A colormap (sometimes called a spectrogram or Campbell plot) can give insight into the causes of high levels of noise and/or vibration that rotating machinery is experiencing. Products from cars to washers to airplanes can be diagnosed using a colormap analysis.
To create a colormap, several Fourier Transforms are performed at multiple rpms or instances in time while the rotating machinery is operating. These Fourier Transforms are assembled into a plot with three dimensions:
For details on how to create a colormap in Simcenter Testlab, see the ‘Throughput Processing’ knowledge base article.
In this article, several different colormap examples will be shown to illustrate the following issues:
Using this article as a reference, the hope is that the reader will be able to identify issues of their product using similar analysis.
Figure 1 below is a colormap of the sound at driver’s ear produced in a vehicle with a four cylinder engine. The second order is producing the highest amplitude sound at the driver’s ear. There are two regions of high amplitude in second order:
These regions are denoted in red in the colormap.
An order is a vibration or sound that changes frequency proportionally to the operating speed (in rpm) of a product. To produce a second order, an event occurs in the rotating system twice per revolution. In this case, the combustion event occurs twice per revolution of the engine crankshaft.
See knowledge base article “What is an order?” to learn about the relationship between orders, events, frequencies, and more.
Why is there a strong 2nd order in this example?
The high second order is caused by combustion events in the engine. Combustion is the most “violent” event in an engine, causing it to vibrate and, in turn, create noise. In a four cylinder engine, there are two combustion events with each revolution of the engine crankshaft as shown in Figure 2.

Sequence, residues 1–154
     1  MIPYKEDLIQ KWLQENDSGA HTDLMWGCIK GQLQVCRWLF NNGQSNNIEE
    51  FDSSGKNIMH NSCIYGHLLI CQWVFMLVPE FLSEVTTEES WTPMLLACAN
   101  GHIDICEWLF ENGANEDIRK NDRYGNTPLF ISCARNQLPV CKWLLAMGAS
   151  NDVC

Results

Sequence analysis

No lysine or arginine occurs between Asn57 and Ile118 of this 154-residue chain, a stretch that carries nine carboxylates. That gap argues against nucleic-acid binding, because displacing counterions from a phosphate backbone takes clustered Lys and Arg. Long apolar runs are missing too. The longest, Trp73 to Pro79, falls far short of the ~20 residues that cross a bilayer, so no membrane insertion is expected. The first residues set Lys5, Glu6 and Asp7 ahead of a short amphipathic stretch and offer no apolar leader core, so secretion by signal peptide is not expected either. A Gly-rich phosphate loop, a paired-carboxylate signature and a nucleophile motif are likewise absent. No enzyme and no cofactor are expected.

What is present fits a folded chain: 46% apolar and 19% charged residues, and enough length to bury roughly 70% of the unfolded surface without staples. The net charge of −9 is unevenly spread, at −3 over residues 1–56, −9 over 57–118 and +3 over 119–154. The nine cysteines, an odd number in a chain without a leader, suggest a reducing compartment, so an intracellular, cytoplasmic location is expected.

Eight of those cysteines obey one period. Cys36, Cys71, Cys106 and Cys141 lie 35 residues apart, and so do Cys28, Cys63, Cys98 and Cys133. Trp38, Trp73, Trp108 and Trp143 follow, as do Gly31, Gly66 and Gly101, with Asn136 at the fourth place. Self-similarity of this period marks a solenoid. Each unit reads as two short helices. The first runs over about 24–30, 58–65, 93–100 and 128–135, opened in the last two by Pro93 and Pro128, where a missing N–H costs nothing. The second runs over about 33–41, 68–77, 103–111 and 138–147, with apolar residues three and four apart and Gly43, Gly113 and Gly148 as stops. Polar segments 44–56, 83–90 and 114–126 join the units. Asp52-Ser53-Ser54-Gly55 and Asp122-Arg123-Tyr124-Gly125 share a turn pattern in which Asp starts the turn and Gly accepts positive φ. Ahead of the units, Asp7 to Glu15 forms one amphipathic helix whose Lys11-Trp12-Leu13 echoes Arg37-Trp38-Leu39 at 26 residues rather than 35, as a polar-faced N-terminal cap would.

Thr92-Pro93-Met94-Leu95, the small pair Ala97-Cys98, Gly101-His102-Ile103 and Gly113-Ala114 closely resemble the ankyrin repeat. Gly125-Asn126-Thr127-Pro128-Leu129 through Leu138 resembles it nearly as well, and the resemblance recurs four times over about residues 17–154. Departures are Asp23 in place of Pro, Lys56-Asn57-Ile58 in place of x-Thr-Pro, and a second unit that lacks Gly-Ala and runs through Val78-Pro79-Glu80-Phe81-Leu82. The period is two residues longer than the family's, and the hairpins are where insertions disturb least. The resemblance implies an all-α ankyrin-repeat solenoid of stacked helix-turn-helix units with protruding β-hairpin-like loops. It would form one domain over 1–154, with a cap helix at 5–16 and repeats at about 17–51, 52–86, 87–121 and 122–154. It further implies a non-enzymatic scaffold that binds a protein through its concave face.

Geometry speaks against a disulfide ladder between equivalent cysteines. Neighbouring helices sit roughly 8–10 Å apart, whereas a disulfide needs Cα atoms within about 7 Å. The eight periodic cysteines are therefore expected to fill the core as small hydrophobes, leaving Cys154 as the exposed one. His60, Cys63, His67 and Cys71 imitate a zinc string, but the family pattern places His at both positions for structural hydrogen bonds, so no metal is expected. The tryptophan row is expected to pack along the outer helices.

Not all four cylinders fire with each revolution, because it is a four stroke engine. The piston must travel up and down the cylinder twice to create a complete engine cycle, as shown in Figure 3.
Here is what happens during an engine cycle:
To keep the engine running, half of the combustion events occur during one revolution, the other half in the next revolution.
What can be done?
With a vibration or sound source like an engine, there are a few options that can be employed to reduce the vibration or sound it produces:
If neither the engine nor its control strategy can be modified, the vehicle can be modified instead. To reduce the amount of vibration or sound experienced by the driver, the following could be changed:
In Figure 4, the colormap shows high vibration levels measured on a piece of machinery. The high levels occur at two different frequency bands: 450 Hertz and 750 Hertz.
This high vibration is caused by resonances in the machinery fixturing that are excited by the operating frequencies of the equipment. When the operating frequencies line up with the resonant frequencies, higher levels of vibration or sound are created.
These resonances manifest themselves as horizontal lines in the colormap. The resonances of the fixturing are constant frequency, because they do not change with the rpm of the operating inputs. The natural frequencies, or resonances, are inherent properties of the fixturing.
The colormaps in this article have rpm on the bottom axis, frequency on the vertical axis, and amplitude shown in color. Depending on user preference, the bottom rpm axis and vertical frequency axis can be swapped. This would make the resonances show as vertical lines, rather than horizontal lines.